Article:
Thinking several moves ahead of the game, the HomeGrid Forum is on the verge of getting the new G.hn standard approved for use in Smart Grid applications by the National Institute of Standards and Technology (NIST).
Now the question is if G.hn can make good on its promise by the time Smart Grid technology gets deployed to make the NIST approval mean anything.
G.hn is a home networking standard that aims to be applicable in all wired media – phone line, coax and powerline – and support transport rates of up to 1 Gbps. Backers of G.hn intend for HomePNA (phone line), MoCA (coax), and HomePlug and UPA (both powerline) to evolve to merge into G.hn.
The HomeGrid Forum also formed a working group to focus on Smart Grid applications.
By working with its member companies, HomeGrid Forum will help bring a range of G.hn-based devices to market that are compliant with the requirements for deployment in Smart Grid and home energy management applications, the organization said.
The member companies are dominated by semiconductor vendors whose responsibility it will be to integrate all the networking circuitry necessary to make all manner of consumer electronics work together. They include Intel, Infineon, CopperGate and Ikanos. Other prominent members include BT and Panasonic.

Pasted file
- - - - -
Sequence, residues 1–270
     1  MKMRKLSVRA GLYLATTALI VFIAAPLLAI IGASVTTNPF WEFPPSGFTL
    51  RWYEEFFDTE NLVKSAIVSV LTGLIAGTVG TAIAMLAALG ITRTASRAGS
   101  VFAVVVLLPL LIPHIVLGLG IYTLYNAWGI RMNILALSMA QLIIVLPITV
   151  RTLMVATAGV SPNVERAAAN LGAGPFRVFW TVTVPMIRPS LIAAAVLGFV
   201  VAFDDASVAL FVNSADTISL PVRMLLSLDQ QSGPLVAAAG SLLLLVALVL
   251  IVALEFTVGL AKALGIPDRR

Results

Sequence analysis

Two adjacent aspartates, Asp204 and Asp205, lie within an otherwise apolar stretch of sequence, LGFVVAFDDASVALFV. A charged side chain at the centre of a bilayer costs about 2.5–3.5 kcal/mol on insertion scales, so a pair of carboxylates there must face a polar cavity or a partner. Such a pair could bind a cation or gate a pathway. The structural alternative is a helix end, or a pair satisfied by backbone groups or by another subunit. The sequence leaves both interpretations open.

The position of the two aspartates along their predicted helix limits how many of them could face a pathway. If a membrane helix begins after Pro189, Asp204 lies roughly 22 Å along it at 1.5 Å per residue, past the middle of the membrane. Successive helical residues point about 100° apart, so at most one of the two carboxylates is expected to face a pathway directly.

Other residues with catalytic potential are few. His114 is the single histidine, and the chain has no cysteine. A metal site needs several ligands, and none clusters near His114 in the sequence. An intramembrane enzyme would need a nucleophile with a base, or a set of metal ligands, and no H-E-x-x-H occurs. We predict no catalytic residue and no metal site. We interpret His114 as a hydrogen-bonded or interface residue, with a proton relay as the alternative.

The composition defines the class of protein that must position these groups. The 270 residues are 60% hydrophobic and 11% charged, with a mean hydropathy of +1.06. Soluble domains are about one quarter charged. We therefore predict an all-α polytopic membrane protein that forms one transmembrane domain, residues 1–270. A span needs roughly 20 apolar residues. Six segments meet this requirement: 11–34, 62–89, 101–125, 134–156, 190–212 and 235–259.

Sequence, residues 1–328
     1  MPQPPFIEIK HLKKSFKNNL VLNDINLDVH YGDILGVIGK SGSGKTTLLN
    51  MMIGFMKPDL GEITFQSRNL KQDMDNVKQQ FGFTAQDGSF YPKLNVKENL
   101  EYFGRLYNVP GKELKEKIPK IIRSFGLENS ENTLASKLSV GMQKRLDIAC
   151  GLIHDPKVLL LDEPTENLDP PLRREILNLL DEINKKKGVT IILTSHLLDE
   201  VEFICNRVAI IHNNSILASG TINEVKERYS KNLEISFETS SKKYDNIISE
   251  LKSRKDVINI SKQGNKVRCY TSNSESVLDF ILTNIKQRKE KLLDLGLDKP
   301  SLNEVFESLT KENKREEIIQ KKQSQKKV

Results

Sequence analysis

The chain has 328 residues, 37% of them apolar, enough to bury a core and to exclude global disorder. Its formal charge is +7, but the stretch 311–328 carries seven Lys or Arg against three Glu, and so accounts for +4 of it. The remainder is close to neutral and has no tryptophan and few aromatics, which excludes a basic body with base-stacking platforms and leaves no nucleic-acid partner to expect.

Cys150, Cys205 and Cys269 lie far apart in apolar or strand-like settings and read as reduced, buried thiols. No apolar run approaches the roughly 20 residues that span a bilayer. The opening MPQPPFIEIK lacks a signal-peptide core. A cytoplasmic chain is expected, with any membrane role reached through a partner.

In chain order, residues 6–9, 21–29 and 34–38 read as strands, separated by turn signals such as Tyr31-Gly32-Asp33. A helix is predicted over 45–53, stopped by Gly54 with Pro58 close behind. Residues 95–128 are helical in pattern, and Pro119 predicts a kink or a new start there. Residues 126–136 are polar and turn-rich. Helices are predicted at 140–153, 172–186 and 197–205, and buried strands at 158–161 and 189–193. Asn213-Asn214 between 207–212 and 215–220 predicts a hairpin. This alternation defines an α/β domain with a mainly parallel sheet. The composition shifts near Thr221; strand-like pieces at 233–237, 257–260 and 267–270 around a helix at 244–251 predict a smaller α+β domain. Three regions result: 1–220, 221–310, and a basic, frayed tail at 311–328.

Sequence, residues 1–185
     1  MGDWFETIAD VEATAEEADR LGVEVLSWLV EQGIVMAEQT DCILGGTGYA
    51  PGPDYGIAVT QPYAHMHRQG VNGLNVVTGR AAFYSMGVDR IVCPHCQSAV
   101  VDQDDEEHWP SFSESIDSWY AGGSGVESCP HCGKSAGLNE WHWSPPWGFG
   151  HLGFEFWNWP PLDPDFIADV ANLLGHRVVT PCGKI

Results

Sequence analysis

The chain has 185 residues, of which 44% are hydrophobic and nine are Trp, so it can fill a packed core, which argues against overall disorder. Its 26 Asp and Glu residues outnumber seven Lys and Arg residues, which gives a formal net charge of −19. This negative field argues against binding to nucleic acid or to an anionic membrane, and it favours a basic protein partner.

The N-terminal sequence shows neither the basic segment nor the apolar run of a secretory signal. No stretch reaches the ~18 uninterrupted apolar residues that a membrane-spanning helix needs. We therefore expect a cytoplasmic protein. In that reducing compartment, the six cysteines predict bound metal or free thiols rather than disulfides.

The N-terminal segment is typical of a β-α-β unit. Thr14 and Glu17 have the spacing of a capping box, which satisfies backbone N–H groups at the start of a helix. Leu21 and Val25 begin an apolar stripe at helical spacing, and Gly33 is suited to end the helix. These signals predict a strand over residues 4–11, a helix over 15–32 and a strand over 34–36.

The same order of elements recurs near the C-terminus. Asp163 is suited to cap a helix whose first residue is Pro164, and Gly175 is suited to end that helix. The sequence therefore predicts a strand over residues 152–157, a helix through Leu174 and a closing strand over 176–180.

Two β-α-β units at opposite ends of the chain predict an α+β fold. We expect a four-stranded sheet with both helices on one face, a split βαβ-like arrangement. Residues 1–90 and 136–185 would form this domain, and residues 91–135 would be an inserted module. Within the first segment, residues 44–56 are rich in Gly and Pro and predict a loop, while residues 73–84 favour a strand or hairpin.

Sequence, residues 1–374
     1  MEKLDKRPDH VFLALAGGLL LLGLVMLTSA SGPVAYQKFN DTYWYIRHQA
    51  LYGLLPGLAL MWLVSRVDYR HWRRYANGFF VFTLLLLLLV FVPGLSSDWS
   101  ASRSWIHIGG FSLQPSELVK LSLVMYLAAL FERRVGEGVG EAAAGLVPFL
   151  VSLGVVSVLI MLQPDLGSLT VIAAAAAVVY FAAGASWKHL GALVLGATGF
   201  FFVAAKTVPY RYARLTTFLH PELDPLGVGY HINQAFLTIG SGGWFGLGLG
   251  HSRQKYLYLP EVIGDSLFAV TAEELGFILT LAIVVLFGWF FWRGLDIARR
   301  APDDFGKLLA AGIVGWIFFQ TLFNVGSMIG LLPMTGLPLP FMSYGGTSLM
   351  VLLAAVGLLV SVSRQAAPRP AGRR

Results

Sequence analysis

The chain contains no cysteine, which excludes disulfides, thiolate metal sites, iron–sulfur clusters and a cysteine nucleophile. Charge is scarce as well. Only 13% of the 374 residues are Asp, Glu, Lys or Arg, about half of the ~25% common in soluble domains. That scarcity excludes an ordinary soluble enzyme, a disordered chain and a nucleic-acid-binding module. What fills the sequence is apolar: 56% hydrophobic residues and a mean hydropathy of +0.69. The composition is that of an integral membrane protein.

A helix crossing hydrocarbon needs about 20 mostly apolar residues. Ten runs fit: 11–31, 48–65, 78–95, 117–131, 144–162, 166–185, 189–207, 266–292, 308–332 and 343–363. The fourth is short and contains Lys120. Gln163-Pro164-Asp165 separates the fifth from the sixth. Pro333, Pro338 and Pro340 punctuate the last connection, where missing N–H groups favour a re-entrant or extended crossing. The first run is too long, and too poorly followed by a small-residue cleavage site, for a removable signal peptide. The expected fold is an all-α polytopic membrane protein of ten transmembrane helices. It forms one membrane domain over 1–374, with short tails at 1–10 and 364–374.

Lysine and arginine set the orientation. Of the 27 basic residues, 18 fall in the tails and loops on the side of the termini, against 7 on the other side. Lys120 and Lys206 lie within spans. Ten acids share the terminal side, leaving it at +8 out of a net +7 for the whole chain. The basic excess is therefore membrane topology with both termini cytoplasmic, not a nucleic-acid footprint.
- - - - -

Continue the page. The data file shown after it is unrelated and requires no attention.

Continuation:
“G.hn is a next-generation wired networking standard, and as such it delivers higher performance, seamless connectivity and power efficiency,” said Matt Theall, president of the HomeGrid Forum. “The G.hn standard includes significant provisions for power management, including sleep modes that will enable devices based on G.hn technology to meet power efficiency standards such as the European Code of Conduct on ‘Energy Consumption of Broadband Communication Equipment,’ regulations such as the European Commission Regulation 1275/2008 and other requirements of the Smart Grid industry.”
Most devices that consume or monitor energy and that are connected to AC power can benefit from G.hn technology. Examples include smart electricity meters, heating and air conditioning systems, electrical appliances, lightning systems, TVs and other devices. G.hn can also be used to establish a secure communication channel between Plug-in Electrical Vehicles (PEV) and Electric Vehicle Supply Equipment (EVSE) found in distributed charging stations.
In addition to energy efficiency, the G.hn standard is aimed to deliver a single, unified technology for the wired home network that addresses key issues for service providers, electronics manufacturers and consumers alike. Through one worldwide standard, G.hn will unify the networking of content and devices over any wire, the HomeGrid Forum said.